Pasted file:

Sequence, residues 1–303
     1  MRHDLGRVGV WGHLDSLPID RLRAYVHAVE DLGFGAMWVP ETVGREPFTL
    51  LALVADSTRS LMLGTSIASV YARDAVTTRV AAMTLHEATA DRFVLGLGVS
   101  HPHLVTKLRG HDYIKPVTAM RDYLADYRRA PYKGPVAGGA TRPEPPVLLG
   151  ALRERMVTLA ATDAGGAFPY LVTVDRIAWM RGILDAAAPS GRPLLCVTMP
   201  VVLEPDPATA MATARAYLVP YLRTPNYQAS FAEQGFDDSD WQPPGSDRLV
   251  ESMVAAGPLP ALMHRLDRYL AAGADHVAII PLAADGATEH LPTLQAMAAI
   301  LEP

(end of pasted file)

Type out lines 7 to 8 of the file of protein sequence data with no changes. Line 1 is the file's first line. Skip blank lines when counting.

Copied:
   251  ESMVAAGPLP ALMHRLDRYL AAGADHVAII PLAADGATEH LPTLQAMAAI
   301  LEP